Be There: The Benefits of Homeschooling

COLUMBUS, GA (WTVM) - Homeschooling in America has grown by leaps and bounds over the last 20 years. As of last April, more than a million children were being educated at home, according to

Joyce Woods could easily be called supermom. She and her husband not only parent 10 children, but she homeschools all of them.

"You're everything, you're the cook, you're the disciplinarian, you're the mother still," stated Joyce.

She also said she couldn't do it without her husband Earl Wood's agreement and participation.  He is the pastor at Glorious Changers in Phenix City, a non denomination church.

We met up with mom and kids at the new tutoring and enrichment center in Phenix City where all but one of the children and the father were there.

"It's ordained of God for us to teach our children at home," explained Joyce.

Their day starts off with breakfast and then they hit the books for about four hours until lunch.

"Depending on what I feel we have accomplished for the day, we'll even go back a bit after lunch especially for the older children and after that it's their chores and free time."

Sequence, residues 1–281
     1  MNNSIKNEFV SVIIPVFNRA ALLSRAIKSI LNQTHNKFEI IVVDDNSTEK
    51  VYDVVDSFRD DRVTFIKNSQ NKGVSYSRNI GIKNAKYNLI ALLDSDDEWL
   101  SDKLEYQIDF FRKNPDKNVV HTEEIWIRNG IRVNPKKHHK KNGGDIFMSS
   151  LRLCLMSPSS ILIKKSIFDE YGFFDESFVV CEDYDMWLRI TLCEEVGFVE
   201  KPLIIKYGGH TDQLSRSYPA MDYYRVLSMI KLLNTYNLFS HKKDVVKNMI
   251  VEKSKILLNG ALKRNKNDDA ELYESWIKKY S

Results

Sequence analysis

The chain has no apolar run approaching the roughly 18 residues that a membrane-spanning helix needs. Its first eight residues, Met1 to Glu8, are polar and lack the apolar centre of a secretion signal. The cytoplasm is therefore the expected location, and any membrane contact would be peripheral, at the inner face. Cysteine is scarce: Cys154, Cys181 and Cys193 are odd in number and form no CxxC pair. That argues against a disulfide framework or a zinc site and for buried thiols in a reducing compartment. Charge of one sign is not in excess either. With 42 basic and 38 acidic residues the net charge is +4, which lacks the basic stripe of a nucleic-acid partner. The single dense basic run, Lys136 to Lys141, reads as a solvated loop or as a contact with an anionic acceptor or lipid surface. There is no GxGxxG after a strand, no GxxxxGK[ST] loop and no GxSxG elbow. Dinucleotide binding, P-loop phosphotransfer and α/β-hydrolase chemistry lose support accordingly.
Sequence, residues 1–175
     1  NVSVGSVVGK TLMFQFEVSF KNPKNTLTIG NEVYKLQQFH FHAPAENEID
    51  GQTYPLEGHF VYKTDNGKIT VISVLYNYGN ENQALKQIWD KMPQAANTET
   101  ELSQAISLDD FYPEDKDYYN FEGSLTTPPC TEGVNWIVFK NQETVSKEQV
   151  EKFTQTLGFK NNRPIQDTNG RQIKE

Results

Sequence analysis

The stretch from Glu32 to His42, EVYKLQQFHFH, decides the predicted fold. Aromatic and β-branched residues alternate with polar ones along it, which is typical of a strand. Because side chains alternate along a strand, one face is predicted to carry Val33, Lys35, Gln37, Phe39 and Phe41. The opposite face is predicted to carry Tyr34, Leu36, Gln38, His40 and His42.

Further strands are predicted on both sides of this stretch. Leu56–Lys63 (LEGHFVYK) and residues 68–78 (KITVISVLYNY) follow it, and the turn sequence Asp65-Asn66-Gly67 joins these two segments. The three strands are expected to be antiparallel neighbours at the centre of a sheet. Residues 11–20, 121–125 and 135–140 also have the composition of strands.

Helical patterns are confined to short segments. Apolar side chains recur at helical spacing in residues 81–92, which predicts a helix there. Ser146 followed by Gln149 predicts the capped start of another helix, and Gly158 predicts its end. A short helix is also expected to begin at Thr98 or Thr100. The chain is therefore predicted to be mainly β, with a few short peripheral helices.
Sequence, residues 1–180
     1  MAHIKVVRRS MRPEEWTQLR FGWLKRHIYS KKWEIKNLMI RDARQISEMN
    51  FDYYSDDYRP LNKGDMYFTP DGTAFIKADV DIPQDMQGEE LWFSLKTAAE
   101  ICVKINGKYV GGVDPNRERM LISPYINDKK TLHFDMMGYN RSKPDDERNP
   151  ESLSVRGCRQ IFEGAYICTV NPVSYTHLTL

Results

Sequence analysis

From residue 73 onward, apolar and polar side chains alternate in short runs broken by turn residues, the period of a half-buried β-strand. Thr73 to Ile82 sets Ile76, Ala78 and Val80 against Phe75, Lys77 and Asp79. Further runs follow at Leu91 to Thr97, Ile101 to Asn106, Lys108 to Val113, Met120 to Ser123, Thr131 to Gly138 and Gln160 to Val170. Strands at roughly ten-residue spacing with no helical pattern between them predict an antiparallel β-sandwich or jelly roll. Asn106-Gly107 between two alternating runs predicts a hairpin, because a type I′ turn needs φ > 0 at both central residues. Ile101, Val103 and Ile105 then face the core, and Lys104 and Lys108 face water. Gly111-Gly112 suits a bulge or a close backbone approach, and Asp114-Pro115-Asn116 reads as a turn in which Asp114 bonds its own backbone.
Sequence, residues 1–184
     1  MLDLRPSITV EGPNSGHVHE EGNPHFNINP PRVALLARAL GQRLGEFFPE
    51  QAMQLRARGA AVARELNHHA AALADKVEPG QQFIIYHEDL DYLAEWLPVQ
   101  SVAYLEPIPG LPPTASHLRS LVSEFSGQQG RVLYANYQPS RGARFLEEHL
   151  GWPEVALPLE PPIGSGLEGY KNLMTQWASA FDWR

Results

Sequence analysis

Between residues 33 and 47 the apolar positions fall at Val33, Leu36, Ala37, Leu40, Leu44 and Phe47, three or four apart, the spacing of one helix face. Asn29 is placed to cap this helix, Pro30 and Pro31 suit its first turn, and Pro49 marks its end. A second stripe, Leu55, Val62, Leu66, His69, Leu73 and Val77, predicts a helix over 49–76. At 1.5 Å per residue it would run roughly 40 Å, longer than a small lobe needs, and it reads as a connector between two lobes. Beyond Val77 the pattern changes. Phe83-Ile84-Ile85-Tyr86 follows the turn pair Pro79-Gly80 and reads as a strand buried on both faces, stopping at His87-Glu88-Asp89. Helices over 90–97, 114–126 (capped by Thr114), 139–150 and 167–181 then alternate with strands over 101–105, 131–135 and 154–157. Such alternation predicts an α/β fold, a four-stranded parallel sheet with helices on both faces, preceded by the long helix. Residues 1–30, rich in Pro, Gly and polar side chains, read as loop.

Instruction time is not as structured as a regular classroom setting.

"The whole point of homeschool is to allow the children to work at a pace that is comfortable for them," explained Joyce.

Woods also counts it a blessing that her oldest son, 20-year-old Chase Woods, started college last month. He attends Chattahoochee Valley Community College.

"I wouldn't change it any other way," Chase said. "I think this is the right time for me. I wasn't ready 6 months ago... I needed more time to get up to speed with my math. That's why I was tutored for math and could mature mentally."

Chase received math tutoring at Anew, owned and operated by longtime Muscogee County educator Patricia Brooks.

The family also takes what they call "road trips" that are used as learning experiences for the kids, such as the Botanical Gardens at Callaway in Pine Mountain, the Department of Archives in History in Montgomery where the kids looked up their ancestry, and Providence Canyon in Lumpkin.

Joyce said she feels it's her duty to prepare her children for their future and their family is one.

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